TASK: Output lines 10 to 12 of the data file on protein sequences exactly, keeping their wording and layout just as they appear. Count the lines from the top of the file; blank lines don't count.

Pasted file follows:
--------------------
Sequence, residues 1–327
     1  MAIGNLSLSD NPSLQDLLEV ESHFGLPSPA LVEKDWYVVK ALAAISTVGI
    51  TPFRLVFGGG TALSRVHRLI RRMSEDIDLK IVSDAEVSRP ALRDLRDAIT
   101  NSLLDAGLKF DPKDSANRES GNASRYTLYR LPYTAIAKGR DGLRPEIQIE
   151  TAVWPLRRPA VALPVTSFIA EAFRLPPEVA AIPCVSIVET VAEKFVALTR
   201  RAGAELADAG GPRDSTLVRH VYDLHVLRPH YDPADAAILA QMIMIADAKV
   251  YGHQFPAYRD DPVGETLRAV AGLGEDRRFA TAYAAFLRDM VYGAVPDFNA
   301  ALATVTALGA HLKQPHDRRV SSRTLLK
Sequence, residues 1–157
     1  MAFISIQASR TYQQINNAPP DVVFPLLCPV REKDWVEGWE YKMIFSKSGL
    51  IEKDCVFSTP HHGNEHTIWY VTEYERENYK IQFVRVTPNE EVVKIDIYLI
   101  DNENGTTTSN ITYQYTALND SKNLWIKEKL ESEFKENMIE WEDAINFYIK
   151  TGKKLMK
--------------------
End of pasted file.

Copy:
     1  MAFISIQASR TYQQINNAPP DVVFPLLCPV REKDWVEGWE YKMIFSKSGL
    51  IEKDCVFSTP HHGNEHTIWY VTEYERENYK IQFVRVTPNE EVVKIDIYLI
   101  DNENGTTTSN ITYQYTALND SKNLWIKEKL ESEFKENMIE WEDAINFYIK